Perfect Little Children by Sophie Hannah

Along with authors that I read who recommend books, I also take on board the opinions of my friends on books that they have read as well as those of other bloggers. But I also listen to my mother.

Also, a prolific reader, my mum’s taste may not be as eclectic as mine and she has been known to read bags and bags of Mills and Boon, but she does like a good thriller and when she was eager to continue reading Perfect Little Children (or Haven’t They Grown? as it was entitled in the UK) in the conservatory after one of our daily Skype conversations, I thought that this may be one that I needed to check out. Also, Sophie Hannah had been quoted as liking another book I had recently read called Blood Libel, which was a good read so chances are I would probably enjoy her fictional effort.

And I did. The book begins with Beth Leeson parking outside the house of an old friend when her son has a soccer match in the same area. She has lost contact with this friend named Flora for some years although they were close at university and Beth and her husband, Dom often went on holiday with Flora and her husband, Lewis as well as having dinner together – they were good friends. Their children are similar ages, Beth having a daughter called Zannah and a son, Ben; Flora having a son, Thomas and a daughter, Emily.

As Beth is waiting outside what she believes to be Flora’s house, although she is not sure that she still lives there due to the disparity of time since their friendship ended, Flora actually pulls up outside the house and Beth overhears her having a phone call with someone, which is causing her mild distress. Not only that, but when she finishes, Flora beckons for two children to get out of the car and Beth is astonished to see that they are young versions of Thomas and Emily. Flora even calls them by the same names. But how could this be? They should be teenagers like Beth’s own children. Is she losing her mind? Or is there something sinister at work here?

Beth’s curiosity is quite rightly piqued and she begins a relentless campaign to discover the truth. It seems unfathomable that these children have not aged at all since Beth knew them and there was another child, a baby called Georgina who was definitely not there with Flora most recently.

When Beth sees Flora again and she runs away from her, startled, Beth’s crusade gathers momentum until it becomes obsessive. Whilst her husband, Dom is curious, he is more keen to leave things well alone and focus on their life now minus Flora and Lewis. As the novel progresses, it transpires that Lewis’ behaviour could sometimes verge on the manic, often with Flora gently trying to reprove him if this happened in public.

Dom’s lack of drive does nothing to stop Beth’s pursuit of information about Flora, Lewis, the teenage Thomas and Emily, the young Thomas and Emily and the people who are pretending to occupy Flora’s house and when Zannah also shows a curiosity, Beth’s determination flowers.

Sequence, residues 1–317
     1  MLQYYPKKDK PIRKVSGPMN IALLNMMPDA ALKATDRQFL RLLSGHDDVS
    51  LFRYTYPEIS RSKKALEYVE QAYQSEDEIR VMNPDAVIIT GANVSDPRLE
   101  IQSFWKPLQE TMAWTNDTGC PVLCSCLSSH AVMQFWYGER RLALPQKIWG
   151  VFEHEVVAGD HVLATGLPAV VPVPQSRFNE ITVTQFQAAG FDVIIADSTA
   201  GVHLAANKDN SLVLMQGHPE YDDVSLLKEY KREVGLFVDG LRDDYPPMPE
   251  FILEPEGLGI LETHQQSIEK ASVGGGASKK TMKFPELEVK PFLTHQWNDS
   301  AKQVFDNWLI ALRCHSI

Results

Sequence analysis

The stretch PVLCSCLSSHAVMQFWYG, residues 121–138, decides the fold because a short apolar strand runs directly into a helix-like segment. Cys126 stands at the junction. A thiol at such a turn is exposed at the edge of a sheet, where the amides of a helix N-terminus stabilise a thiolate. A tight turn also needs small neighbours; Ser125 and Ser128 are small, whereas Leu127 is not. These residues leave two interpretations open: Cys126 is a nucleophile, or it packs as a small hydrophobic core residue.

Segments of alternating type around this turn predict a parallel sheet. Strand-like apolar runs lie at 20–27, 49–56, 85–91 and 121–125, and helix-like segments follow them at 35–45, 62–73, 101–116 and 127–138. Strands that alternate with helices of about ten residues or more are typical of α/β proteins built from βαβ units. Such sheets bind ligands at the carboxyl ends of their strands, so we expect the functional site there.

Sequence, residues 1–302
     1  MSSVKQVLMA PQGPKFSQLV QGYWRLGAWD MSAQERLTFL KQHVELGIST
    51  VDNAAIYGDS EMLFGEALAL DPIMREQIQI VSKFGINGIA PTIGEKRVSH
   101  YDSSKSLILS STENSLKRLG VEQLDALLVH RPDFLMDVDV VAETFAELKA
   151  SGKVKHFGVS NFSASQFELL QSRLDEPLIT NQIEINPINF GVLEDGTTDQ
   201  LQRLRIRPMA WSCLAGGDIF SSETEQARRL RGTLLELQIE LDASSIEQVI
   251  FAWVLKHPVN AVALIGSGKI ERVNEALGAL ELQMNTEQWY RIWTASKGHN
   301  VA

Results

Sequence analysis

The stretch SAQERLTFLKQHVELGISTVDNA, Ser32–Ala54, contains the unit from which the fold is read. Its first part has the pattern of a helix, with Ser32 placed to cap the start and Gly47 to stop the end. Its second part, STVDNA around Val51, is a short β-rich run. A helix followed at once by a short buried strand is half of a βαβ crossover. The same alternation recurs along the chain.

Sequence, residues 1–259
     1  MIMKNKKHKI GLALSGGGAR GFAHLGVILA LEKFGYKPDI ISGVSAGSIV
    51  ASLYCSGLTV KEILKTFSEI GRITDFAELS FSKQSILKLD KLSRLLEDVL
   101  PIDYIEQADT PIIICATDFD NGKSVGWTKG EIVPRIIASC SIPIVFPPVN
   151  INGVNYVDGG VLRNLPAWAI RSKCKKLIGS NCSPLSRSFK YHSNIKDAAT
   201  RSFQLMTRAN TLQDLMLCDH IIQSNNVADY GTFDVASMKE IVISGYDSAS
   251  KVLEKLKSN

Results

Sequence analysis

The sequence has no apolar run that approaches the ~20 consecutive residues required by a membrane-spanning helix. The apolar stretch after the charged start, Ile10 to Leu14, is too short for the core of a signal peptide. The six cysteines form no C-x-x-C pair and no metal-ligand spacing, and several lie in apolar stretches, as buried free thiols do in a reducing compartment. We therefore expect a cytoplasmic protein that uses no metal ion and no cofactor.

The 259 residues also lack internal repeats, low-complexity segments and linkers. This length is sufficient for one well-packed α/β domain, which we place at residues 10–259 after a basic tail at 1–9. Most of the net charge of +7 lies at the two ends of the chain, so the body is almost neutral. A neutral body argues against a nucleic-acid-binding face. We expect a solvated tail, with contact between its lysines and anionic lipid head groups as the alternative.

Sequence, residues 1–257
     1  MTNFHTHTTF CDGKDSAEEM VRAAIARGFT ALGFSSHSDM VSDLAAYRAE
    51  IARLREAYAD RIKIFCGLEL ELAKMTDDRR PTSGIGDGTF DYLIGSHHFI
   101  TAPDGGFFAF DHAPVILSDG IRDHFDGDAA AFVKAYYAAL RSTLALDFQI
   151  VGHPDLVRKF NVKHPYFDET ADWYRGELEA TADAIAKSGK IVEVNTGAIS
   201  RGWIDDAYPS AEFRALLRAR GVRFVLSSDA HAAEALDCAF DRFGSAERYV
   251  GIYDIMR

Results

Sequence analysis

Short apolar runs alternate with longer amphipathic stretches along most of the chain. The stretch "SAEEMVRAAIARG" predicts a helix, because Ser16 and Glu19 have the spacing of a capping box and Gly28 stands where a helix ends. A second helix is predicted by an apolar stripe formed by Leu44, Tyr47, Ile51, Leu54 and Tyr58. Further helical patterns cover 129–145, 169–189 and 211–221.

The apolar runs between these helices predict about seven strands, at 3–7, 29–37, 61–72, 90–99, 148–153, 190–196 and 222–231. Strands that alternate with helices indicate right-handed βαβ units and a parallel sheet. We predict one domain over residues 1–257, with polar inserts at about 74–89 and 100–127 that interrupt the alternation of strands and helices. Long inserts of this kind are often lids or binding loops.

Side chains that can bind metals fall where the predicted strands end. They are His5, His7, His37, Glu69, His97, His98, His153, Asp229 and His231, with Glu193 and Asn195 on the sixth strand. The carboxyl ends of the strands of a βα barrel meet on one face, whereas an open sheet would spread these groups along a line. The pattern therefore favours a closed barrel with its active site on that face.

I’m not going to reveal too much here about the way that the book develops as that is what drives it; the suspense at not knowing exactly what Beth saw, whether Flora really is living in that house, if she is still married to Lewis and her true relationship to the children that Beth saw her with in the car.

What I will say is that this keeps you guessing to the very last. Sophie Hannah is brilliant at giving you just enough information to suggest a certain truth whilst not making it completely transparent and this is the tester for good suspense fiction: to keep you dangling sufficiently to hold on and keep reading, feeding tidbits that maintain your interest and propel you through the narrative. I could see why my mother wanted to get back to it.

I have to say that Hannah’s timing was perfect. I was just starting to get irritated with Beth and her inability to leave things alone and was also getting frustrated at being kept guessing when I was led willingly to the dramatic dénouement of the whole thing and left wholly satisfied at the ending.

One thing that I should also mention is that Hannah’s dialogue is dry and witty; she creates teenagers and their sarcasm through the character of Zannah brilliantly and whilst the actual premise of the book is quite dark, the moments like this in the text make the book quite humorous and also make Beth seem less like a nutter and more like a concerned friend. There was a danger in having Beth as a character so determined to pursue something that you could argue has nothing to do with her that her perseverance could be construed as unhealthy obsession – Hannah’s portrayal of Beth’s family relationships keeps her grounded, making her appear as nothing more than overly nosy and so, whilst the book is tense, it is not bleak.

I enjoyed Sophie Hannah. I think what is most impressive about this book is that she takes an encounter that seems fairly innocuous and through a well-developed and executed plot, creates a terse and pacy thriller.

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